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It turns out that the real world isn't as crazy as government metrics make it look. It's the metrics that are measuring what happened 6+ months ago instead of measuring what is happening right now.

Producer Prices Are Slowing

Last year, I highlighted the rapid rise in the PPI (Producer Price Index) as an indication of accelerating inflation. PPI measures the costs to businesses and can serve as a leading indicator to predict CPI (Consumer Price Index). The reason should be obvious: Most businesses do not immediately pass along higher costs to consumers.

When a business raises prices, they have to consider how it will impact demand, what peers are doing, and how much of a hike they can get away with without losing too many customers. Warren Buffett is famously a huge fan of Coca-Cola (KO), but if they hiked prices to $10/can and Pepsi (PEP) didn't, even he might change his brand!

As a result, many businesses are willing to absorb some higher costs, trying to preserve or grow market share. But they aren't willing to operate at a loss long-term. So eventually, even holdouts will hike prices. For these reasons, PPI can give us a glimpse of the future of CPI. This happened in 2021, as PPI took off a few months before CPI did. Today, PPI is slowing down considerably.

A pasted image

Again, prices are still 8% higher than last year, but the pace of growth is much slower. The year-over-year comparables are also getting higher. If we look at the Producer Price Index as a number instead of a rate of change, it looks like this:

A pasted image

Prices are still much higher than in 2020, but since July, they have not changed. This is in stark comparison to January 2021 to July 2022, where they were significantly higher every month.

Fed Rhetoric Is Softening...Maybe

One reason the market indexes have been up in November is that the rhetoric from the Fed has been getting a little softer. The minutes from the FOMC meeting earlier in November suggest that there is a real discussion about slowing the pace of rate hikes.

In addition, a substantial majority of participants judged that a slowing in the pace of increase would likely soon be appropriate. A slower pace in these circumstances would better allow the Committee to assess progress toward its goals of maximum employment and price stability. The uncertain lags and magnitudes associated with the effects of monetary policy actions on economic activity and inflation were among the reasons cited regarding why such an assessment was important. A few participants commented that slowing the pace of increase could reduce the risk of instability in the financial system. A few other participants noted that, before slowing the pace of policy rate increases, it could be advantageous to wait until the stance of policy was more clearly in restrictive territory and there were more concrete signs that inflation pressures were receding significantly.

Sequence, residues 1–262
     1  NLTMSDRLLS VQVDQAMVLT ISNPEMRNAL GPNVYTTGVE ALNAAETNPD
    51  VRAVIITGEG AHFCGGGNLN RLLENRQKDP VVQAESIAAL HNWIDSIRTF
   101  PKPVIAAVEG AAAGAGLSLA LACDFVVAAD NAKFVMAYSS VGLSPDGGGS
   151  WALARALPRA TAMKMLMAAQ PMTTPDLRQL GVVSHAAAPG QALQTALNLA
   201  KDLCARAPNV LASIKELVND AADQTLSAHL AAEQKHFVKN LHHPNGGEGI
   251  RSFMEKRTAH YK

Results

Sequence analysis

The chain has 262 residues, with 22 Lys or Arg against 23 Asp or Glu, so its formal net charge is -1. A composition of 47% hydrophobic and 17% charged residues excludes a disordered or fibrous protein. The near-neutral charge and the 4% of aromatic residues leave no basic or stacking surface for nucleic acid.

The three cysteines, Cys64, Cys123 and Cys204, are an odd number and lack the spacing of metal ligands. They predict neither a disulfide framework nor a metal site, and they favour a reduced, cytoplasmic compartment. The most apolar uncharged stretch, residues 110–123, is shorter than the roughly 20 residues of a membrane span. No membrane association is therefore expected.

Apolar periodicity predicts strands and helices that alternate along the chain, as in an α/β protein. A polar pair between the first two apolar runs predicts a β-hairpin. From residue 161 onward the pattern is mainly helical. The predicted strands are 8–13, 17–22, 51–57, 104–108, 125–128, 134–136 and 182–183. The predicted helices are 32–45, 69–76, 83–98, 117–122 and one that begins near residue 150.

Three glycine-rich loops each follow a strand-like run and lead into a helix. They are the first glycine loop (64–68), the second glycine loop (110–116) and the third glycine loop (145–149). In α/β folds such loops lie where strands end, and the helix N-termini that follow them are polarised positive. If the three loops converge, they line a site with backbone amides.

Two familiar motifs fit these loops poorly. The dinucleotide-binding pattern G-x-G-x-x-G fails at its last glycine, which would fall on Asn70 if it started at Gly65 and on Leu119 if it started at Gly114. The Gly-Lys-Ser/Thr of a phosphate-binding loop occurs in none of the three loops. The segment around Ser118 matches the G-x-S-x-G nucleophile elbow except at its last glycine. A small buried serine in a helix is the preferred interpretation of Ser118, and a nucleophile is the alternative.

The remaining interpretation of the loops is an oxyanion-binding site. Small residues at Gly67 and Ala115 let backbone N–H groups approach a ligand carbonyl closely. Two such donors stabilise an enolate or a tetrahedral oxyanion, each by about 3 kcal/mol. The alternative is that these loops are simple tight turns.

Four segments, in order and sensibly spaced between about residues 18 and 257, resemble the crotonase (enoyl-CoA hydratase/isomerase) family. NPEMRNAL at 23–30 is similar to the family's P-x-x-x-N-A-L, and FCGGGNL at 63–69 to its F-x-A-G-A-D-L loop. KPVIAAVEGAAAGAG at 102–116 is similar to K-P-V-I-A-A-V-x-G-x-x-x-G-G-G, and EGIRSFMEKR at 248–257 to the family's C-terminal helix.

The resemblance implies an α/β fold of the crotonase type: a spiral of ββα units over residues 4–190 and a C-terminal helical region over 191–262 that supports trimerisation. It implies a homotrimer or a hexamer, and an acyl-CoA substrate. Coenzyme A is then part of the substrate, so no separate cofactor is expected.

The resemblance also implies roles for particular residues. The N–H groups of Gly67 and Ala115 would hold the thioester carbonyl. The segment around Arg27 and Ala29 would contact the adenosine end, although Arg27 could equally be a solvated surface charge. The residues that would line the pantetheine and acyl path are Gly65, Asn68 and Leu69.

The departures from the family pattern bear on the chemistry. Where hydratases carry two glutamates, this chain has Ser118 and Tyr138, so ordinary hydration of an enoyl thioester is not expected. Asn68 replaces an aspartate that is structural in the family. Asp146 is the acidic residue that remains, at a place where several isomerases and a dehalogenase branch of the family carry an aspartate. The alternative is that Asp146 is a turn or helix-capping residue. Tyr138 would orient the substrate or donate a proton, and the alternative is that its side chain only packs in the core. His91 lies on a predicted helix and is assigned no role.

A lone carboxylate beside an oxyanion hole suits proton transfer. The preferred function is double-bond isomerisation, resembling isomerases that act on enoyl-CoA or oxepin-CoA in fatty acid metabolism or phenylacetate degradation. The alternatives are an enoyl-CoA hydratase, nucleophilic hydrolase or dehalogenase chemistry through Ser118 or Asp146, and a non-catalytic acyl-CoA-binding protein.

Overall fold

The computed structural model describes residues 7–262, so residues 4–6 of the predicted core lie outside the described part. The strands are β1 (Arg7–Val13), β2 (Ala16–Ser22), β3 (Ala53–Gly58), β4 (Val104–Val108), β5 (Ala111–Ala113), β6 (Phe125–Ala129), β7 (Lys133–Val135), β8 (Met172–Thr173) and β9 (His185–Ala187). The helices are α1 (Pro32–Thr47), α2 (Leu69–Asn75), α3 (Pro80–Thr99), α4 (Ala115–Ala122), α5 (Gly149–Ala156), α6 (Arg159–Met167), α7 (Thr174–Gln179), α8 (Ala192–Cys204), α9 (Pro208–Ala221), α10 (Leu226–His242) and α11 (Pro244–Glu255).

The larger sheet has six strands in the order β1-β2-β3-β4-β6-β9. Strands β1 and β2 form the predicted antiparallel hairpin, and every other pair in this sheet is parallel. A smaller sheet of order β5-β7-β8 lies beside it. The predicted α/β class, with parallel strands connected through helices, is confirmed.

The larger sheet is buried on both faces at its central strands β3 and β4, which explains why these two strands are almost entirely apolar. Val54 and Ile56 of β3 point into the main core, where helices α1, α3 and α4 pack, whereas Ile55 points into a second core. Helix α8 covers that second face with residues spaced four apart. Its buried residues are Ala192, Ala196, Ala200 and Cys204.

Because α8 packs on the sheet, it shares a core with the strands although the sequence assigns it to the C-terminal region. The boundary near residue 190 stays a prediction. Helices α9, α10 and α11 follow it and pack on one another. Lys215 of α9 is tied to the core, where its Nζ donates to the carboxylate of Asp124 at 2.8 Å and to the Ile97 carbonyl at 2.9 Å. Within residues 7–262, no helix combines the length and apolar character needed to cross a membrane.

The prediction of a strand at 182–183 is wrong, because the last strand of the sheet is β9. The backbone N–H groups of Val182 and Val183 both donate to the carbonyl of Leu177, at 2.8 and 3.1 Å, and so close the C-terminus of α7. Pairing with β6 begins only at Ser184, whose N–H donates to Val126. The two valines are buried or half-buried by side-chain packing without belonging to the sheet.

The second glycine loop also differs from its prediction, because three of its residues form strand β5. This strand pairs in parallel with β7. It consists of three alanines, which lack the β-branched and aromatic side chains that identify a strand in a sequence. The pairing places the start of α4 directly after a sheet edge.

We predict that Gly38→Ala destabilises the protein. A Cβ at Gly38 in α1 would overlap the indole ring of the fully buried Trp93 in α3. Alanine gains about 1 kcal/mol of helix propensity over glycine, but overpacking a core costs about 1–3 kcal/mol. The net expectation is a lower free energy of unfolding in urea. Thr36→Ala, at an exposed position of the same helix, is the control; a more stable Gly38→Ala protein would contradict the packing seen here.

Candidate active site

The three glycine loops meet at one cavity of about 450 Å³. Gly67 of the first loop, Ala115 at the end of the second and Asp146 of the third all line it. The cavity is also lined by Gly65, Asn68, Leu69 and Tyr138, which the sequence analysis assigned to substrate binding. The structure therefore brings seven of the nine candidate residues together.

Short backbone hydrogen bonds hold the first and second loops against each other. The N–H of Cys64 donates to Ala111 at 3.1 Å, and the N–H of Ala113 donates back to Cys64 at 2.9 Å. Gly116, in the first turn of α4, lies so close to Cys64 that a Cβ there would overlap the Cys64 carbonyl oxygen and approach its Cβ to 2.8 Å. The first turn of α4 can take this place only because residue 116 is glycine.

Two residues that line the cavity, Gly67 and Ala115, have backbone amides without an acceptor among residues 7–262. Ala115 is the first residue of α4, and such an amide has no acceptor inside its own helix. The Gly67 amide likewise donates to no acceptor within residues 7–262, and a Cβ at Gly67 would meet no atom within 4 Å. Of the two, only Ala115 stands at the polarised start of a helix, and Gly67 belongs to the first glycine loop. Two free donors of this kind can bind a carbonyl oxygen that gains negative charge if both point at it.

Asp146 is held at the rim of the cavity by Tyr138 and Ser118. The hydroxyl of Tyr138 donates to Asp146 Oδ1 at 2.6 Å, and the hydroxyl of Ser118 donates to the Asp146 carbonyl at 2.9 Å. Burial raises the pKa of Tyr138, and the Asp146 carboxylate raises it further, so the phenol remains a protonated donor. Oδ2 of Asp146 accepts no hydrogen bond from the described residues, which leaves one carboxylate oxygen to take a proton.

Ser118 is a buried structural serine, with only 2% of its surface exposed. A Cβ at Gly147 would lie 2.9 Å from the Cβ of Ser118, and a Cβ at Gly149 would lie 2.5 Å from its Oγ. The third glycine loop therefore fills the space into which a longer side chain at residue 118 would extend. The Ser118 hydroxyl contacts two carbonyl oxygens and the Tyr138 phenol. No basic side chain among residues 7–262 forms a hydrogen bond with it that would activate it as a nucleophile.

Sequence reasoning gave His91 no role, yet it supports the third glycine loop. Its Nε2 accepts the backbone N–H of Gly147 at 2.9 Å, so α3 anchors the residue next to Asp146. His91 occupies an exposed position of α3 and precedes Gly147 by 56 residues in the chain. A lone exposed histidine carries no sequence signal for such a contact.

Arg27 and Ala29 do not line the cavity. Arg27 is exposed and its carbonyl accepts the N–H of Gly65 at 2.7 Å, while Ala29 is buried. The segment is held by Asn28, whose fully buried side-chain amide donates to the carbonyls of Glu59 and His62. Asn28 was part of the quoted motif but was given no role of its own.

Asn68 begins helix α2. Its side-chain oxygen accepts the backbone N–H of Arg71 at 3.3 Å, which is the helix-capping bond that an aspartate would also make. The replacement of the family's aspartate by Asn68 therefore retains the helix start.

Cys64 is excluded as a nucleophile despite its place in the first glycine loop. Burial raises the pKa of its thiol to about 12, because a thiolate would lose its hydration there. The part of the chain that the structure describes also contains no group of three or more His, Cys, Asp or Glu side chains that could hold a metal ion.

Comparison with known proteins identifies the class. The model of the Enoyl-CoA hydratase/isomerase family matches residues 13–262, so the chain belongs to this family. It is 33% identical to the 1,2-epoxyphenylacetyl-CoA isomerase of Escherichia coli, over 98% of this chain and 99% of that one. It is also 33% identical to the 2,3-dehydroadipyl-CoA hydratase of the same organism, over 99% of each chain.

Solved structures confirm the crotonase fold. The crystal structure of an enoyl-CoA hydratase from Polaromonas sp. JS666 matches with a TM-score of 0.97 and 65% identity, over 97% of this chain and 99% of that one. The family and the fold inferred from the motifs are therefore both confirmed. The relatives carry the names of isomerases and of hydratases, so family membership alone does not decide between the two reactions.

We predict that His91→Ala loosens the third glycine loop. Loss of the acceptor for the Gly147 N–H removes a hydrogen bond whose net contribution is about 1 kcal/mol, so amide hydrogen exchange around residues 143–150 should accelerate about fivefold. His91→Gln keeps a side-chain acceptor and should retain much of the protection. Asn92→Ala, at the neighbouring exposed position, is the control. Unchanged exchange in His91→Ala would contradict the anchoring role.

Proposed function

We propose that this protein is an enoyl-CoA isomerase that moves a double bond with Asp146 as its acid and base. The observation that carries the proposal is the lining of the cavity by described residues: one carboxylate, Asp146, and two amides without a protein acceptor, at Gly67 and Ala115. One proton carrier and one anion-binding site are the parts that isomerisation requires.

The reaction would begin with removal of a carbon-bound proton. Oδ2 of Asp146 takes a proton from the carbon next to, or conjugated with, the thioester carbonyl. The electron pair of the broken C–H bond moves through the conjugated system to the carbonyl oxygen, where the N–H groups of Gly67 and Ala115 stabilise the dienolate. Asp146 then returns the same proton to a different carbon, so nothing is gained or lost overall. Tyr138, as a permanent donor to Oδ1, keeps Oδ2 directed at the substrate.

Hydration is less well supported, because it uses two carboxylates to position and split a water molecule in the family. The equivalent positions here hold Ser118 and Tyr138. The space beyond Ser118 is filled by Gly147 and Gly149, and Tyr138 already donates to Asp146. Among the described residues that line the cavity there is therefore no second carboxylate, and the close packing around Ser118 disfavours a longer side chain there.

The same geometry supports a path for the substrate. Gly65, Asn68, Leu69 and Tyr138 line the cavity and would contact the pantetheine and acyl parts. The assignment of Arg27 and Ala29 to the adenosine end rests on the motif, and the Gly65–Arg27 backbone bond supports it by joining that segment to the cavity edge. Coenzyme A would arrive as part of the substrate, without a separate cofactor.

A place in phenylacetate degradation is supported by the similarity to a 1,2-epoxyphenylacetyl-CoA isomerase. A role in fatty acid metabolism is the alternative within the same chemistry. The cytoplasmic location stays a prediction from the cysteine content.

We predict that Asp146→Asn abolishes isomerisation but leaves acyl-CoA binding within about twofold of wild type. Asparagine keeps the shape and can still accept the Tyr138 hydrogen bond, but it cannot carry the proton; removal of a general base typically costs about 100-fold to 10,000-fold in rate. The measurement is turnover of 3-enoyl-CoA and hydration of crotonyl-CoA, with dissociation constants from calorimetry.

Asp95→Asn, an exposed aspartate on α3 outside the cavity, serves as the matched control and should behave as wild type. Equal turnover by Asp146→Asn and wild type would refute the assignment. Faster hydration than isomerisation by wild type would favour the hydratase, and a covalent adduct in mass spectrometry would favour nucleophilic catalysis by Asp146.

The market focused on the Fed slowing. However, slowing is not stopping. How high the Fed might go is still an open question that the Fed itself has done little to resolve.

These comments, combined with the latest CPI numbers showing that inflation is slowing, have inspired confidence that there is light at the end of the tunnel.

The Bottom Line

At this point last year, it was an open question whether the Fed would be hiking at all. Remember? In December 2021, the Fed itself released this dot-plot projecting future rate hikes:  Source 

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The most hawkish members of the Fed were projecting a Target rate of 1%-1.25% by year-end and a peak of 3%-3.25% that would be reached in 2024. The current target rate is 3.75%-4.00%, and it is widely expected that the Fed will hike at least 50 bps in December.

In short, the current Fed has proven itself utterly unreliable at predicting even the near term. The Fed itself, the folks who actually vote on what interest rates will be, can't accurately predict what it will do. So in December, the Fed will release a new "dot plot". The market will respond to whatever they say. The stock market will likely react violently in either direction depending on whether it interprets it as "good" or "bad". Ignore it.

Last year, inflation was running rampant. It was obvious to us that the Fed was entirely too late in hiking rates. We believed that if the Fed was going to hike, they should have hiked in early 2021.

This year, inflation is slowing down. The Fed should be stopping its hikes and maybe even cutting as the economy weakens. It isn't. And we aren't very confident that the current Fed will have the awareness to reverse course in December.

It is more important than ever to remain "agnostic" toward interest rates. We will continue owning a mix of fixed-income investments like preferred stocks, bonds, and fixed-income CEFs, while also owning investments with exposure to variable rates like commercial mREITs, CLOs and BDCs.

For every investment, our primary concern will be that the yield is high, that the cash flow is strong, and that the dividend is well covered. We don't need to predict what the Fed will do because we will own companies that are generating profits and paying us dividends.

With Value outperforming Growth, our portfolio should continue to see better price stability than the market indexes. The more important thing is that our income is high, and it is growing.

As we end the year, the market will be obsessed with every word the Fed says, even though the Fed has a terrible accuracy record. At HDI, we will be watching the markets for any price swings that might create favorable buying opportunities or favorable selling opportunities.

Our focus will remain on growing our income.

Rida Morwa is the lead analyst for High Dividend Investing (HDI), currently offering a 15-day free trial.